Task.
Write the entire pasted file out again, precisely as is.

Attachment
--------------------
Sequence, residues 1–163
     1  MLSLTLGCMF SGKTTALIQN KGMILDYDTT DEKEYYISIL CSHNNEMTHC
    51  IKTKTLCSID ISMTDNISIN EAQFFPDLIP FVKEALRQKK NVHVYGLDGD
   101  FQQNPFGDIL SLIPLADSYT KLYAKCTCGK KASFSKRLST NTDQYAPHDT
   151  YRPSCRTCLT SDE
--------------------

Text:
Sequence, residues 1–163
     1  MLSLTLGCMF SGKTTALIQN KGMILDYDTT DEKEYYISIL CSHNNEMTHC
    51  IKTKTLCSID ISMTDNISIN EAQFFPDLIP FVKEALRQKK NVHVYGLDGD
   101  FQQNPFGDIL SLIPLADSYT KLYAKCTCGK KASFSKRLST NTDQYAPHDT
   151  YRPSCRTCLT SDE